BA Fine art – third year.
After the completion of Jupiter Room i was asked to exhibit some work in a group show called Ishihara. This is an exhibition set up by Jason Kerley and Adam Lewis-Jacob who graduated from the Arts Institute last year. This is the first time Ive heard of students sticking around and starting to make something happen in Bournemouth, rather than moving to somewhere where things are already rolling, so I was really keen on getting involved. I wanted to make a follow on peice of work from Jupiter Room which would incorporate unachieved elements from the show. The work is presented as a harvested 'sample' from the shop space, packaged and delivered to the gallery space and presented in far greater abundance suggesting the activity of further growth. To add to this idea of the work staying active a sound peice was added and played from within the structure. The sound was the fluctuating levels of a sort of white noise static that is produced when the lights are stacked loosely in a pile, moving slowly together to find a place of stability. This is something that I discovered from playing with the lights in the studio but was never realised within the shop space. I knew that Ishihara would be a hard place to exhibit any sort of sound peice, as with lots of people talking and music playing it would get drowned out. Because of the nature of the work this wasnt an issue, the sound wasnt obvious, more a discovery by being close to the structure or something searched for after reading the accompanying text. I enjoyed this.
This year is proving to be just as hectic as everyone said it would be, on completion of my dissertation along with the work running up to my December exhibition i was looking forward to a bit of studio time and some playful experimentation. With Organising MA applications and yesterdays big talk on how this is the time to really go all out, i can see my moment of relaxation disappearing. Despite this, there's a real exciting atmosphere in the studios, it feels like everyone is really ready to come together and exhibit and i think there will be some especially high standards of work. After finishing our two person exhibition and having complete creative control I must admit i was a little worried about exhibiting in such a jungle as an end of year show, its the other end of the spectrum to the type of exhibition i usually enjoy. Right now i have a very different perspective, this is probably the only time in my life where i will be in such an incredible position. I have 16 weeks to devise and make work for an amazing space with people who I've had a huge amount of interaction with. I have a studio to make work in and a wealth of people to discuss the making with. This is a really privilaged position for any artist and something i am going to take full advantage of.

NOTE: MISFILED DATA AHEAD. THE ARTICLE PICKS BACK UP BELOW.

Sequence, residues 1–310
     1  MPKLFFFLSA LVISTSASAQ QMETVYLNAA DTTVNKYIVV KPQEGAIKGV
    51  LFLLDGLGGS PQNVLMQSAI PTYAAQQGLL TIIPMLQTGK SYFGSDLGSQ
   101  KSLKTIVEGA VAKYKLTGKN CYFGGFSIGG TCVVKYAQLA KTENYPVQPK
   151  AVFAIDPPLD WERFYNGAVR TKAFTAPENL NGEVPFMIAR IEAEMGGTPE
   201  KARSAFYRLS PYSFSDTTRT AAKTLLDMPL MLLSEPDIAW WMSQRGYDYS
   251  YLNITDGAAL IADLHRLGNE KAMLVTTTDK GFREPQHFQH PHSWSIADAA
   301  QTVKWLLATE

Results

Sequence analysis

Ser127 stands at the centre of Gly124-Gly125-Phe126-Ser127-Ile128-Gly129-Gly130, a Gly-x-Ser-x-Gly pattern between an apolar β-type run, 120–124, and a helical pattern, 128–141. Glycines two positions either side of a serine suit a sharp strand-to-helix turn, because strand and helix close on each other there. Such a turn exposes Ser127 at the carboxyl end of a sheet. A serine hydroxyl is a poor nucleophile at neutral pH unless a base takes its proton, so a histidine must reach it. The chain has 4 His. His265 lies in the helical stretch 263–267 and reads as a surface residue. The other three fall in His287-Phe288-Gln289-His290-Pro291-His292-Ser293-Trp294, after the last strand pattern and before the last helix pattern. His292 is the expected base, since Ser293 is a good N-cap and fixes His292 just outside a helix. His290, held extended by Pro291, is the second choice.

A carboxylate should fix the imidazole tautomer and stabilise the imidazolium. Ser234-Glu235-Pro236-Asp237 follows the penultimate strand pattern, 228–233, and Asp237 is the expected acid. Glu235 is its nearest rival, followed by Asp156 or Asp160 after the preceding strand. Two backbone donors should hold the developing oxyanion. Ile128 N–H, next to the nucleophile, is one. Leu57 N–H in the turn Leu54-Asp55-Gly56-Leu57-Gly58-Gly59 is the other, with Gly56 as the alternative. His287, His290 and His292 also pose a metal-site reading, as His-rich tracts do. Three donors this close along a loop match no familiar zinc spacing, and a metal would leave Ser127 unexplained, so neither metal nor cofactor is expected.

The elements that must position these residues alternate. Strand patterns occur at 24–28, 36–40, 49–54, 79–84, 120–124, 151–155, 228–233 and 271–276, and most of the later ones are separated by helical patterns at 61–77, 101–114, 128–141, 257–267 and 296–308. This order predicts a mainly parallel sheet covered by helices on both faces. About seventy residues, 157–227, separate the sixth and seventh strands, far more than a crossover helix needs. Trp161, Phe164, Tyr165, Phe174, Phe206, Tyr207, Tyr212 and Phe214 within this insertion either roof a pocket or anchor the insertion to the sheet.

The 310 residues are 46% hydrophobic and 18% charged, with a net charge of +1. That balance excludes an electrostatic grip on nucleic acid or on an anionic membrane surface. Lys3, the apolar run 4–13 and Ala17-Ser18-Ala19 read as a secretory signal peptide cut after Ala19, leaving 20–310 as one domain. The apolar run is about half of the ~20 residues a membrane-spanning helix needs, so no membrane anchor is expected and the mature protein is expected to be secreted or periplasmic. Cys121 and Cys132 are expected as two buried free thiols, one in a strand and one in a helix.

We worked it out, and from the first time we sat down together to discuss how we would go about putting on and what we would produce for our two person show, its been five months. Its certainly been the biggest project I've undertaken, especially as between the two of us we've shared almost all aspects of running an exhibition, but its also been the most rewarding and confidence boosting for taking on similar projects in the future. We ended up getting a few people from Poole arts development team on board and they were massively helpful when it came to areas new to us, for instance locating a suitable space and promoting the event. I think we approached them at the right time also, we had enough of a picture in our heads through our conversations that we could write a detailed proposal and talk them through what we were trying to achieve. This meant they could step in at the same point as us and be equally exciting about realizing our plans. Through the council we got in contact with a local estate agent that gave us access to a dis used property that had sat white washed and undisturbed for a good deal of time, enhancing the narrative behind the work.
Making the work went relatively smoothly, Krystle sat at the foot of the mountain that was her slow and arduous task of re-sewing a near square meter of carpet, a situation she seems to strangley enjoy within her practice. I sourced a huge amount of fluorescent tubes from both the art school and the main university but found it a great deal more difficult getting hold of the numbers of plug sockets i was going to need to fill our designated space. It was the decision to make the plug sockets and hand cut the sockets holes, rather than building structures from existing sockets, that really brought the work together for me. I enjoyed how both the lights and the sockets went through a simply repetative process, the lights burning out and leaving black rings at each end and the plugs being hand cut which made each item unique, giving an organic quality to these very un-organic both materials and objects.